Last month, I attended the Society for Health Communication 3rd Annual National Summit, held on the National Institutes of Health campus in Bethesda, Maryland. Health communicators from research groups, fellow PR agencies and federal leaders spent the day learning about topics like health literacy, design thinking and challenges we face in the field, as well as potential solutions to those challenges.
The day was full of reminders of best practices in communicating about health. The questions and calls to action posed by other communicators — like one speaker’s challenge to create a Smokey Bear-like figure for the pro-vaccination movement — left me feeling inspired and energized.
Here are seven health communication tips that I took away from the Summit:
1. A challenge that communicators often face is proving the value of communications to scientists and researchers. A simple and effective solution is to speak their language by using data to offer evidence behind the success of communications in health, such as the impact it has made on reducing smoking rates.
2. When communicating risk around an emerging health issue, communicators should consider writing from a digital media perspective, since the information put forth will be distilled and shared in snippets suitable for digital platforms.
3. People who have low literacy skills may experience difficulty with multisyllable words, have lower memory skills, or have a narrower field of view when looking at printed materials. It’s important to keep these considerations in mind when developing educational health materials.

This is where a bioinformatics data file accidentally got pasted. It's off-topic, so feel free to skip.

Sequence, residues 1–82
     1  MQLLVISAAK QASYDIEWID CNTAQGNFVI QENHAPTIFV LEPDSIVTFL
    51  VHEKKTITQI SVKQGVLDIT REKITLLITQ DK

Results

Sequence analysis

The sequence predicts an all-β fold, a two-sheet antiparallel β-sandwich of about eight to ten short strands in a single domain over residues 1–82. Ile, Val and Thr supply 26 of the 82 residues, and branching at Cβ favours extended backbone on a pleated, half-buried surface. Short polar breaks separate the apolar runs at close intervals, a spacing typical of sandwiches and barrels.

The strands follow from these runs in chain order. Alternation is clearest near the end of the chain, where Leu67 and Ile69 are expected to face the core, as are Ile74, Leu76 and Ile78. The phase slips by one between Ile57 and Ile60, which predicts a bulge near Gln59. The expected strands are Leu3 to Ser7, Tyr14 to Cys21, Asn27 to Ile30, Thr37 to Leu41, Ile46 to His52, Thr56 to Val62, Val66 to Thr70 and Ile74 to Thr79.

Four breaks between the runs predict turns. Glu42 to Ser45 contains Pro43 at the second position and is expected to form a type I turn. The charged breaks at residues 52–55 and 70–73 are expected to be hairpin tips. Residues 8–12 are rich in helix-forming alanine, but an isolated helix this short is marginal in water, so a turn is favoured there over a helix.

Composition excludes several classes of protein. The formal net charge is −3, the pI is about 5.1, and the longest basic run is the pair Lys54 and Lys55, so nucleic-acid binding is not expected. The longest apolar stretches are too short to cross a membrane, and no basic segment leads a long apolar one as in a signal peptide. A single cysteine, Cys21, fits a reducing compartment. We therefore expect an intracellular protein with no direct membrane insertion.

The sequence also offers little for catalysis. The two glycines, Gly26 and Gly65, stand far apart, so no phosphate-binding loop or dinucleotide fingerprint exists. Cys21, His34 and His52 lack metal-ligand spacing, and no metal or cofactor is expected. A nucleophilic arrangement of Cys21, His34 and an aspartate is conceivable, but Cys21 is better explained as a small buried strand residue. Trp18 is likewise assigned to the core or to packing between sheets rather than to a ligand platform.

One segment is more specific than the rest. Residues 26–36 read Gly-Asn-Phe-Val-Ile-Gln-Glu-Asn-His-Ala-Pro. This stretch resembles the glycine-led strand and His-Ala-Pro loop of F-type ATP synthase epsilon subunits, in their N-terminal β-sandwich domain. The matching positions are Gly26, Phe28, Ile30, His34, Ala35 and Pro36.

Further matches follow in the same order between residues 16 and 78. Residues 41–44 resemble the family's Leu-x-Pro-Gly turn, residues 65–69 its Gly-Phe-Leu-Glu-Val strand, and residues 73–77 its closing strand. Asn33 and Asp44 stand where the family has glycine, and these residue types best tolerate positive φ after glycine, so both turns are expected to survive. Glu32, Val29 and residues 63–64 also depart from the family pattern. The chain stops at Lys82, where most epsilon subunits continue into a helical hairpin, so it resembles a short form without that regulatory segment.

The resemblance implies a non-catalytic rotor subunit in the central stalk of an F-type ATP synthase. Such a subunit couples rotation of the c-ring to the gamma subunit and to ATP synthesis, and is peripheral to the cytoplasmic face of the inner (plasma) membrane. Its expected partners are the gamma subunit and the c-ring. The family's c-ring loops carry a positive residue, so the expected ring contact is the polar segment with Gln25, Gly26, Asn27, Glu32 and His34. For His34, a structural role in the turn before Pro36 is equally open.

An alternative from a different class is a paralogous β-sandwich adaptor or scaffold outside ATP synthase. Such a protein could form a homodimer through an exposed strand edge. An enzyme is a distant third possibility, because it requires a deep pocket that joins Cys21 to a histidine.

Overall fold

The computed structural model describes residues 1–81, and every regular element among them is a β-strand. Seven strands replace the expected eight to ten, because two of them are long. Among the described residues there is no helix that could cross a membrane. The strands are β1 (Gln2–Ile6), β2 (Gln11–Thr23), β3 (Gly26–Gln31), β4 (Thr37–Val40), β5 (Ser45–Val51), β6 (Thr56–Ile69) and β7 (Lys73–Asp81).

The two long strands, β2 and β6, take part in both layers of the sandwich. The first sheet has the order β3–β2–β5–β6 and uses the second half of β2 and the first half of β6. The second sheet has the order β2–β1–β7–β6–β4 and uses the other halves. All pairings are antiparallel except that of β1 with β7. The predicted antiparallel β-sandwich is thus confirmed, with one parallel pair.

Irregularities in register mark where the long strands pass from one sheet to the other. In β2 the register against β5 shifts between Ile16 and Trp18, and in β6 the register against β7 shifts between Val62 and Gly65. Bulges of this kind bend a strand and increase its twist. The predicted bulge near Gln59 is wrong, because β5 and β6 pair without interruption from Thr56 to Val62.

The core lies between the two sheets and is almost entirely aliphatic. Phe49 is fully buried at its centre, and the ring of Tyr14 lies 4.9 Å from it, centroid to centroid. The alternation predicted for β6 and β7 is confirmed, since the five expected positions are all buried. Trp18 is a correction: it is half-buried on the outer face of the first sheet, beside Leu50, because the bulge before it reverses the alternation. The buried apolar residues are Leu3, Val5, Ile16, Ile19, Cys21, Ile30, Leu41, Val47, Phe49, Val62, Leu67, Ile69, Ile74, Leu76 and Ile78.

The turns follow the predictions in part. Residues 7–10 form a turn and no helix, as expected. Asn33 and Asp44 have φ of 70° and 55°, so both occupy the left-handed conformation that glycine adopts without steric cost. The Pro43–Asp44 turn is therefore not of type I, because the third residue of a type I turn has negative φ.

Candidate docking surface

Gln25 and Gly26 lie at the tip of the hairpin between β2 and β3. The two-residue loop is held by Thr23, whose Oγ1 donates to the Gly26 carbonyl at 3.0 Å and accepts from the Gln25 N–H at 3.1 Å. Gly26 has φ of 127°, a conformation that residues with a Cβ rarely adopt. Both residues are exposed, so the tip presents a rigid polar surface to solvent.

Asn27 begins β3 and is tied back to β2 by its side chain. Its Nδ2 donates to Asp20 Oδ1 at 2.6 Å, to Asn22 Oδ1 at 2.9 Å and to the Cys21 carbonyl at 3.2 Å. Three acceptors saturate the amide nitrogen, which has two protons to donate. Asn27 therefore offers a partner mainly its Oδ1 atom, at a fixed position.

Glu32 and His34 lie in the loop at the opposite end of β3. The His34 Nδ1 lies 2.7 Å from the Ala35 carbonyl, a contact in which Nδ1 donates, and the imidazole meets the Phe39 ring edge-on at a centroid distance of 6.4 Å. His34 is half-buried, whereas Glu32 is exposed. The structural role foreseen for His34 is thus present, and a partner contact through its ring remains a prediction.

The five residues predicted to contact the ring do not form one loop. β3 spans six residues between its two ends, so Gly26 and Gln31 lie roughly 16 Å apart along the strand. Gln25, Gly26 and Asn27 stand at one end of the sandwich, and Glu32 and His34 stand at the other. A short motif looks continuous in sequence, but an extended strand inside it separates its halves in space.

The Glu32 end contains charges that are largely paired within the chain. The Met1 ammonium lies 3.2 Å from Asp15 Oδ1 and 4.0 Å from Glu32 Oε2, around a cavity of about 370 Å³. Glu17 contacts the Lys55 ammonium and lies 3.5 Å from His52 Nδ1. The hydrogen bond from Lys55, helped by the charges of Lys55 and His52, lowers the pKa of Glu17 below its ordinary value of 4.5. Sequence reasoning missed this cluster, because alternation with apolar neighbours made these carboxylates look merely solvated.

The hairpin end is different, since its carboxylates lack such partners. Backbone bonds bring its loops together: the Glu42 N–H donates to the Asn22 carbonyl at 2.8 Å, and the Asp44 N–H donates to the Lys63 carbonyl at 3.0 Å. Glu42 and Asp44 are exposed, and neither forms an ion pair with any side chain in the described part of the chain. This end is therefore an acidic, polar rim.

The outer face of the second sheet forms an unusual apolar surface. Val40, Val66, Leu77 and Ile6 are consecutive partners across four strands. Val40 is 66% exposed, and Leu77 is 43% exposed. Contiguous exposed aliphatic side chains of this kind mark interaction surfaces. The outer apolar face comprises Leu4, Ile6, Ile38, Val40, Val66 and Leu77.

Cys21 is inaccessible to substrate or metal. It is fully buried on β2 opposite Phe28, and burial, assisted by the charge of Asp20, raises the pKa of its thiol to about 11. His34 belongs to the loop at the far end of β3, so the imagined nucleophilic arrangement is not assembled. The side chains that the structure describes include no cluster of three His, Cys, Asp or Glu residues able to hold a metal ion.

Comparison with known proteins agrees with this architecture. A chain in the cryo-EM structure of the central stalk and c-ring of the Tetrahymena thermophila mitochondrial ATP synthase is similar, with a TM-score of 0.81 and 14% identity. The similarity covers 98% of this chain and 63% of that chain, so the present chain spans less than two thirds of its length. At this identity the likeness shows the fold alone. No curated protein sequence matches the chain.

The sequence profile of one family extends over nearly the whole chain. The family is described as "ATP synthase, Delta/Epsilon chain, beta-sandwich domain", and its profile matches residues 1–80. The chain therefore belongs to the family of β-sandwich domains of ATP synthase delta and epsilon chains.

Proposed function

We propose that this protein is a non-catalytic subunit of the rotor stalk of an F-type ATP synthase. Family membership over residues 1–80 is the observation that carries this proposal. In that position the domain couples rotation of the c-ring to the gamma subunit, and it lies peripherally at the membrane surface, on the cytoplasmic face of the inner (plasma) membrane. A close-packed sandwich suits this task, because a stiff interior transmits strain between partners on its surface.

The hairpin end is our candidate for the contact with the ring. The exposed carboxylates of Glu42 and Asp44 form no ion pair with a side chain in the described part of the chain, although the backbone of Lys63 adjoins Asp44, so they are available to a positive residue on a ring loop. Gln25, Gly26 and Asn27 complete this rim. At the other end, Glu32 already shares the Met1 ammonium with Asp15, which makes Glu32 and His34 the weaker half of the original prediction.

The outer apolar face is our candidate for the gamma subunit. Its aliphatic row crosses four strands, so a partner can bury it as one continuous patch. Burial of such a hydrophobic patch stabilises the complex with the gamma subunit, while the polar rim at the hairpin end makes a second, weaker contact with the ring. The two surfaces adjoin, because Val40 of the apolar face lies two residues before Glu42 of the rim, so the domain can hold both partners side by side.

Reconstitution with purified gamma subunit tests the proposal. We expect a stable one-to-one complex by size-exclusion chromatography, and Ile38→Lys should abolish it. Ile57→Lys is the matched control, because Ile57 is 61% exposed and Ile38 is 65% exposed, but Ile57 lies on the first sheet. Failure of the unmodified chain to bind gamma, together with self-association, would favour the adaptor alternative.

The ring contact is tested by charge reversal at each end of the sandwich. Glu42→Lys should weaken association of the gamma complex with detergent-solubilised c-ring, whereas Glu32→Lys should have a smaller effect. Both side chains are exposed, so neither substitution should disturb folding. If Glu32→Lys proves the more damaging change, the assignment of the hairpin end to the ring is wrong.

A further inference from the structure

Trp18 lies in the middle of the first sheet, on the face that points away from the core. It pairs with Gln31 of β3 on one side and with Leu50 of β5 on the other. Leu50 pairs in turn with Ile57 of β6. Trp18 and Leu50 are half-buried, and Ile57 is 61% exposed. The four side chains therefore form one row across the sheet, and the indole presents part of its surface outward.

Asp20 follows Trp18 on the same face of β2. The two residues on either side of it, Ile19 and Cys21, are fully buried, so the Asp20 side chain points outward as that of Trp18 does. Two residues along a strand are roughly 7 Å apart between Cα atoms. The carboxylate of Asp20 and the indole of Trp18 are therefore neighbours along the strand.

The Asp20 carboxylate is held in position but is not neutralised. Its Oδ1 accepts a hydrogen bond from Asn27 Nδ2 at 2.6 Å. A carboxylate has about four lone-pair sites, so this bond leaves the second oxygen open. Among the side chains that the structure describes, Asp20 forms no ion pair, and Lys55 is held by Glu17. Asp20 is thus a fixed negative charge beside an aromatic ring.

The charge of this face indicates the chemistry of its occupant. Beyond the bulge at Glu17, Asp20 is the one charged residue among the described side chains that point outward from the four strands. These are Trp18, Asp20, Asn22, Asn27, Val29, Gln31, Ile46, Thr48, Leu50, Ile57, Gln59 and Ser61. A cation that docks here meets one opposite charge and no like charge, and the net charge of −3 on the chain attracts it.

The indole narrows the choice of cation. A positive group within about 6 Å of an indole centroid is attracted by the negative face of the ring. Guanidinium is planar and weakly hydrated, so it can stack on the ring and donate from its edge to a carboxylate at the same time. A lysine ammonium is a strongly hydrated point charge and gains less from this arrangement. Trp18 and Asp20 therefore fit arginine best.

4. Many communicators believe that pitching pre-packaged data visualizations and graphics is helpful to media outlets, but oftentimes outlets have their own digital teams. Delivering raw data that outlets can adapt may be a better approach in some situations.
5. In building meaningful partnerships with the corporate sector to advance health outcomes, one approach is to offer companies the ability to review your data.
6. When communicating about the negative effects of unhealthy behaviors, focusing on quality of life outcomes might have the greatest impact on your audience. Through formative research and user testing for its Tips for Smokers campaign, Centers for Disease Control and Prevention learned that smokers were more motivated to quit when they heard about the challenges of living with a smoking-related disease rather than dying due to smoking-related causes.
7. The words we use to describe an issue shape how an audience views that issue and the importance they ascribe to it. By avoiding using public health terms like “herd immunity” that have little meaning to a lay audience, we can communicate our messages more effectively.
Learn more about the Society for Health Communication and how you can get involved ahead of the 2020 Summit.